New Year Resolutions for IT Security Professionals: The World Has Changed – Take Control
Written by Sean Mason, Vice President of Global Customer Success, Resolution1 Security
We live in a different world than the one we lived in years ago. Most security professionals were content to have time to play with some logs, install a new Intrusion Prevention System, or get a sample of malware and try their hand at reversing. Generally though, most security professionals were relegated to a world of firewall administration, user authentication, and compliance (let alone the value-add security documentation that goes along with that…). As we’ve continued to see, times have changed and Chief Information Security Officers (CISO’s) and their teams are expected to do considerably more now. The reality is that if you are CISO in today’s world, you are on point to fight foreign military units and organized criminal enterprises.
Below is what I expect to be the major Information Security themes for this year and it would be well advised for enterprises to draw up the following New Year resolutions:
1. Quit Wasting Time
Hackers do not work according to your schedule. There is no such thing as “end of year” or “holiday weekend”, and there hasn’t been for some time in the cyber realm. Making plans to “get started” after a holiday or a weekend is exactly what adversaries expect you to do and is why they will continue to exploit companies with that mentality. Spending months doing POC’s on technology, putting off hiring or budget requests, waiting to deploy technology and other approaches that introduce unneeded delays are tactics proven to fail. Accelerate everything now.
2. Focus on Security, not Compliance
Compliance has failed us. Prevention has failed us. How many attacks need to be reported by the largest companies in the world for CIO’s & CISO’s to rethink their approach? The companies that are successful in information security understand that the only proven means of mitigating damage by attackers is to spend resources on detecting and responding to attacks- identifying them and shutting them down as quickly as possible before they escalate. Would you rather be out of compliance and pay a fine, or deal with a crippling Sony-like attack which will end up costing your company hundreds of millions of dollars?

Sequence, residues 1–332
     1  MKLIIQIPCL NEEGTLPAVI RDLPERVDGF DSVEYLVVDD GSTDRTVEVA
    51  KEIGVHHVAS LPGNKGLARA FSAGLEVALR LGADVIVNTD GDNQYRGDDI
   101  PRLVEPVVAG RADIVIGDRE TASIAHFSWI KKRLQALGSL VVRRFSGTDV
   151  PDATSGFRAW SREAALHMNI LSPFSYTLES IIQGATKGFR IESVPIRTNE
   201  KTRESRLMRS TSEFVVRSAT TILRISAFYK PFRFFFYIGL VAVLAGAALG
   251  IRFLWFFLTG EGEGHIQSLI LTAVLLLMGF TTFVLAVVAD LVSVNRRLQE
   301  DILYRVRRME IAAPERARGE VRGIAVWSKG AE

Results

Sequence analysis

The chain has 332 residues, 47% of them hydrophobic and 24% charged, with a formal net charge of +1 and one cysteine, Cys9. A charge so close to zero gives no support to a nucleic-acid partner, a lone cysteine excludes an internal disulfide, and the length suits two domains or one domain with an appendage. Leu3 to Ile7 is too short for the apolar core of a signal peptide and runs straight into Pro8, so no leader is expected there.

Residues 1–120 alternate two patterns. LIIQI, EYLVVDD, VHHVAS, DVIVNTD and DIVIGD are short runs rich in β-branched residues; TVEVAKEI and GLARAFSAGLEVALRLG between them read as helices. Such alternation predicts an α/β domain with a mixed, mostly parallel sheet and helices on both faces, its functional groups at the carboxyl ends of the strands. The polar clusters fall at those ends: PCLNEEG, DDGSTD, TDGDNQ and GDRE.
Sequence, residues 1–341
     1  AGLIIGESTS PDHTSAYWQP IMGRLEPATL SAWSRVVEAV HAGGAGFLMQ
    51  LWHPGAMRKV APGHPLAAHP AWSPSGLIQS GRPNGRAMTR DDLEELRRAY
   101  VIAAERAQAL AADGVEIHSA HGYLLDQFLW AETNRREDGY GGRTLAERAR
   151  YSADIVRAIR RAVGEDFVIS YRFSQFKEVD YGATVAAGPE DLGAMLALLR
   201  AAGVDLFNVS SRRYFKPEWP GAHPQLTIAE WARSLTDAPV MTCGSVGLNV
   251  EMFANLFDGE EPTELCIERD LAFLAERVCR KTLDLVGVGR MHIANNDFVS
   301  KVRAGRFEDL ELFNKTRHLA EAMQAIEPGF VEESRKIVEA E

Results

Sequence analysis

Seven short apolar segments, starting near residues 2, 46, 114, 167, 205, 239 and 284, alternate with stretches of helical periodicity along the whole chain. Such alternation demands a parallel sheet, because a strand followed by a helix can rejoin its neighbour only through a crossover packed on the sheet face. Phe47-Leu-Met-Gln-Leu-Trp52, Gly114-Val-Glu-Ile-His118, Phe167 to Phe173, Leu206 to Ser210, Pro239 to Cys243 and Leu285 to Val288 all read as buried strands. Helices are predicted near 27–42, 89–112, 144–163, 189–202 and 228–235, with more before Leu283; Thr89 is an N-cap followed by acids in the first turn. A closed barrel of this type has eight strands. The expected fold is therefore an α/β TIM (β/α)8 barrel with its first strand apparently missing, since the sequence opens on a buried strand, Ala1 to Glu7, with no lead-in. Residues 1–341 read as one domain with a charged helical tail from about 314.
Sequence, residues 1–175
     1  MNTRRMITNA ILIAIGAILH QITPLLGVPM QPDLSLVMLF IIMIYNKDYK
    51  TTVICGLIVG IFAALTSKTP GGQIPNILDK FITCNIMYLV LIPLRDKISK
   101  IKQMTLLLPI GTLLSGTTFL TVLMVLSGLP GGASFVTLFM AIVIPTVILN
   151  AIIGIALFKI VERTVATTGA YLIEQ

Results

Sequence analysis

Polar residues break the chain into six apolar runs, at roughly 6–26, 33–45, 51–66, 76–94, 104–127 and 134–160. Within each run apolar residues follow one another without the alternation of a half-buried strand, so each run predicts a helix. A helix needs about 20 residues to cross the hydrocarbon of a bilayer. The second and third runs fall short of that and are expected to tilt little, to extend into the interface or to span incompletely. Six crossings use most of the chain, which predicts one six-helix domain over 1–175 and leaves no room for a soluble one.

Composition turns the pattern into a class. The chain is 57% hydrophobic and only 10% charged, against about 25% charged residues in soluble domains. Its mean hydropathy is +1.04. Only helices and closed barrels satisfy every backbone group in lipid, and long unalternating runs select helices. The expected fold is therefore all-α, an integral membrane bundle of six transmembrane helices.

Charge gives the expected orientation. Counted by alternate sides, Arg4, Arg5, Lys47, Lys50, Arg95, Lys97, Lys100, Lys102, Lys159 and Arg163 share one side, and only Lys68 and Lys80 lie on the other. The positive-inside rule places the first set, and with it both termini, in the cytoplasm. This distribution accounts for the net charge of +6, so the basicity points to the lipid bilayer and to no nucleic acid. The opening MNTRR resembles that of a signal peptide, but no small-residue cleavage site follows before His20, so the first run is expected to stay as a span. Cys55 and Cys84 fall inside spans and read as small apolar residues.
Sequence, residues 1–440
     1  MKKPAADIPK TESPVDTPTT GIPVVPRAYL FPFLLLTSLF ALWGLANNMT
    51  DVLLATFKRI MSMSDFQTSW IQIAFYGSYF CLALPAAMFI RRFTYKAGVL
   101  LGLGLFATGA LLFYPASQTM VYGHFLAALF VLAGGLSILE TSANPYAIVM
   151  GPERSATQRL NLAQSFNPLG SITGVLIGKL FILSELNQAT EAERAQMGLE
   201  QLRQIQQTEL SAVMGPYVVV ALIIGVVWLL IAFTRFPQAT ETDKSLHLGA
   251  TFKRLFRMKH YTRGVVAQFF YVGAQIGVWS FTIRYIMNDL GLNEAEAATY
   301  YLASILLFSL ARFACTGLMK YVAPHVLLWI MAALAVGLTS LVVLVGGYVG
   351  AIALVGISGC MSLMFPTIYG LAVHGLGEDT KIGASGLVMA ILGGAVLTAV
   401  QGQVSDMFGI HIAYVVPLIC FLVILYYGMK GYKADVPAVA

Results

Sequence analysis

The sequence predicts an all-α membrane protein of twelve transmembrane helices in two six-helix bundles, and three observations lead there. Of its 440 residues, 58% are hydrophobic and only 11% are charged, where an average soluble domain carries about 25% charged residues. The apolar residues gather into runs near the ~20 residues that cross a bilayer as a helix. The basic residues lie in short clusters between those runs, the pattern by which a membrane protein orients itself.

3. Be Proactive Defending your Network
Even if you have an internal Service Organization Controls (SOC) & Incident Response Team (IRT), or an external Managed Security Service Provider (MSSP), you still need to proactively look for threats on your network outside of the normal day-to-day operations. Either leverage your internal teams to hunt for anomalies that signal compromise on your network, or hire an outside firm to do it for you. Incidentally, penetration testing is not hunting.
4. Invest in & Hire New College Graduates
Last, but not least, it is common knowledge that there are not enough Information Security professionals in the world. Don’t waste months hoping and trying to find the right candidate or worse- throw your hands in the air and claim you simply can’t find anyone. Take the time to open headcount dedicated to hiring information technology graduates from your local college and put them into information security roles. You’ll be surprised how quickly they grasp the concepts and add value to the organization.
What you don’t see in these resolutions are items related to Intel, Mobile, or Cloud; those are simply realities we have to live with. What these resolutions represent is a mind shift and ultimately adjusting the way organizations operate. They won’t be easy, and in many cases will be considerably hard to execute on. However, a new way of thinking and conducting ourselves as Information Security Professionals is required, to have any chance of being successful and taking back control over our networks.
About the Author
Sean Mason is Vice President of Global Customer Success at Resolution1 Security. He brings more than six years of front line incident response expertise and customer engagement from leading Fortune 500 companies. Sean is a veteran of the security industry, leading security teams at GE, Harris, and CSC. While at GE, Sean was director of incident response where he regularly met and advised C-level executives and board members. Prior to that, Sean spent seven years running global incident response projects at Monsanto after fulfilling his tour with the U.S. Air Force. Throughout his career, Sean has led enterprise focused solutions across IT (information security, software development and auditing) and industry verticals (Defense, Aviation, Finance, Energy, and Biotechnology) leveraging his diverse technical knowledge and unique business perspectives. Sean also serves as a Subject Matter Expert for ISC2, helping to design industry certifications as well as sitting on the ISC2 Application Security Advisory Council (ASAC).